Past Workshops

Professional Skills Development Workshops

Workshop Title: Connecting with Success: A Workshop on Networking

Date/Time: June 23, 2022, 3:00 - 5:00 p.m. ET

Midhat FarooqMeghan Anzelc

As Head of Data and Analytics, a global and firm-wide role, Dr. Meghan Anzelc is responsible for building and implementing a strategy and roadmap to advance thedata and analytics capabilities at Spencer Stuart. She works with colleagues across the firm to understand their challenges and the potential opportunities for data and analytics to have a positive impact on the organization and on Spencer Stuart’s products and services for the firm’s clients.

Prior to joining Spencer Stuart, Dr. Anzelc held a number of leadership roles in data and analytics in the insurance industry, most recently serving as chief analytics officer for AXIS Capital. Dr. Anzelc holds a Master’s and PhD in Physics from Northwestern University and a Bachelor’s in Physics from Loyola University Chicago.

Midhat Farooq is a seniors careers program manager at the American Physical Society. Within this role, she develops career and professional development programs and resources for students and early career physicists. Midhat's favorite part of her role is interacting with students and staying connected to the physics community.

Midhat holds a PhD in physics from the University of Michigan, where her research focused on building an optical magnetometer for a particle physics experiment.

Abstract: Building a network that spans employment sectors is essential to finding a job. In this interactive workshop, participants will learn about the importance of networking, classify different types of connections, formulate goals for networking, and identify potential contacts to cultivate their networks. Attendees will also practice how to initiate a networking conversation and conduct an informational interview, and participants will walk away with concrete next steps to build their own networking plan.

Workshop Title: Career Paths in Physics: Effective Strategies for Non-Academic Physics Careers

Date/Time: June 16, 2022, 2:00 - 3:30 p.m. ET

Crystal BaileyDr. Crystal Bailey is the head of career programs at the American Physical Society (APS) in College Park, MD. Crystal works on several projects which are geared towards marketing physics and physics career information to high school students, undergraduates, graduate students and physics professionals. Some of her principal projects include the career events and workshops at APS annual and division meetings, the APS Job Board and Job Fairs, the APS Careers Website, and the recently launched Success in Industry Careers Webinar series. Through efforts like the APS PIPELINE project, Crystal also works to promote the integration of meaningful workforce development into undergraduate physics education, and to broaden awareness of, and interest in, non-academic physics careers. Before coming to the APS, Dr. Bailey did research in nuclear physics at Indiana University, Bloomington in the area of few-body systems. In 2008 she received the Konopinski Award for Outstanding Graduate Teaching from the IU Physics Department. She graduated with her PhD from IU in 2009.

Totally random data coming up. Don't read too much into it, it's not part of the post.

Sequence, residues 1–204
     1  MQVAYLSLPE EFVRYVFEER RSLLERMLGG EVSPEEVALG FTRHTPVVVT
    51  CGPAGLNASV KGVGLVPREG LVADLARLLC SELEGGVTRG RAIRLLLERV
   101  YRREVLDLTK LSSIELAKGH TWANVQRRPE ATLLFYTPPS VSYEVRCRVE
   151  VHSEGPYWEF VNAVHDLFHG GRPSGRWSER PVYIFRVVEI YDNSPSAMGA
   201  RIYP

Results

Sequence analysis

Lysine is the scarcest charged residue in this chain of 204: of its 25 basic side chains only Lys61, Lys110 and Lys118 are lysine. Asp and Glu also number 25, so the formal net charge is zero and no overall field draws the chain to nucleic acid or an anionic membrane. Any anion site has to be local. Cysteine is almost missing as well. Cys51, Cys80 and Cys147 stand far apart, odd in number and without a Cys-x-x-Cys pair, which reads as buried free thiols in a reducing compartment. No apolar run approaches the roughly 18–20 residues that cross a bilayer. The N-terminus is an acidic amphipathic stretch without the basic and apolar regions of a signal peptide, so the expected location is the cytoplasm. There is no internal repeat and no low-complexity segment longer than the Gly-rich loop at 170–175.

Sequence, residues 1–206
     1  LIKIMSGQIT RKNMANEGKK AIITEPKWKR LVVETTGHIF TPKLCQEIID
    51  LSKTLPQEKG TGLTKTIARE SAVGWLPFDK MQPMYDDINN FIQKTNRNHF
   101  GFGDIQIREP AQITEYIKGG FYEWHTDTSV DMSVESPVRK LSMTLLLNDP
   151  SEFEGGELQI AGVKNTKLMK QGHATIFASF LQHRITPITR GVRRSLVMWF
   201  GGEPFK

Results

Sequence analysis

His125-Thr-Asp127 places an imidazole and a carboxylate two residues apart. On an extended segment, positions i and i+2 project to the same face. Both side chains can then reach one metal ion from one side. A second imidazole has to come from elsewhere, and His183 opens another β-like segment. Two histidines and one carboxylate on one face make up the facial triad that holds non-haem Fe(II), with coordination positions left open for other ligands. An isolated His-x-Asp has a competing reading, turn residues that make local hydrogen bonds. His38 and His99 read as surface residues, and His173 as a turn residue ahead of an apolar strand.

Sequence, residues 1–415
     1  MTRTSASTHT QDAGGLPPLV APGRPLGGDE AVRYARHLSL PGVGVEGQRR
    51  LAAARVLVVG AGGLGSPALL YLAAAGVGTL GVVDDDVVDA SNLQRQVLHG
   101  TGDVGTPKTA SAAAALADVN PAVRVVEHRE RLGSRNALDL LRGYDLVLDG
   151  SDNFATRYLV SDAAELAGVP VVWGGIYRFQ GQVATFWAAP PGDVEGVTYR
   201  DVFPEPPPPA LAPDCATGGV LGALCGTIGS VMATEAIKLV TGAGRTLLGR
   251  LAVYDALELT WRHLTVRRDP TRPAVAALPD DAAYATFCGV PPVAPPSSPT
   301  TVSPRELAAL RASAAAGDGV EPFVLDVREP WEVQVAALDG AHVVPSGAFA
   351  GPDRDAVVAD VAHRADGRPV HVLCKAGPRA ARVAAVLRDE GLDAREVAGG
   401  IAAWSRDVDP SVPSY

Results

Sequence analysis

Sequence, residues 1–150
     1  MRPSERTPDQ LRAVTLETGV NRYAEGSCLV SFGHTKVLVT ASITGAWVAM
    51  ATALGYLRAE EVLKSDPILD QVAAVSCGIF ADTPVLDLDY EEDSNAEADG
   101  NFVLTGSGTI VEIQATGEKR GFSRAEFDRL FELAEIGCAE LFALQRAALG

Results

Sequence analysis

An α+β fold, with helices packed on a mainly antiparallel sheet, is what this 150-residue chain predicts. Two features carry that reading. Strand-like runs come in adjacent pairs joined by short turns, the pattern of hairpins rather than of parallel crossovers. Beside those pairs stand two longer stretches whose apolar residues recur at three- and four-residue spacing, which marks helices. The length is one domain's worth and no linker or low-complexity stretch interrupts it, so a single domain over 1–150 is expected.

Abstract: Physics students graduate with a huge array of transferable skills, which are extremely useful to employers (particularly in the private sector, which is the largest employment base of physicists at all degree levels). However, the key to successfully connecting with these opportunities lies in how well graduates are able to communicate their skills and abilities to potential employers. In this workshop, we will learn about some of the many opportunities that exist besides the “familiar” academic path, and explore how to effectively represent your skills, knowledge, and strengths to employers in those non-academic fields.

Workshop Title: Advocacy to Bring Cultural Change

Date/Time: June 9, 2022, 1:00 - 2:30 p.m. ET

Callie Pruitt 2021 photoCallie Pruett is a seasoned advocacy manager, policy professional, and political strategist with a decade of experience in campaign design, as well as nonprofit lobbying, policy, advocacy, and strategy.

Callie is the senior advisor to the Ruben Ramirez for Congress campaign in the TX-15th Congressional District - the only district expected to be competitive in Texas in the 2022 campaign cycle. She is the executive director of Appalachians for Appalachia—an independent, research-focused advocacy nonprofit. She is the Co-Host of the wildly successful podcast Appodlachia. Finally, she is the founder and principal of Politicary, her own political consultancy.

Callie is the former senior strategist for grassroots advocacy for the American Physical Society (APS). She is also the former lead strategist and manager of the Physicists Coalition for Nuclear Threat Reduction in partnership with Princeton University and the Carnegie Corporation.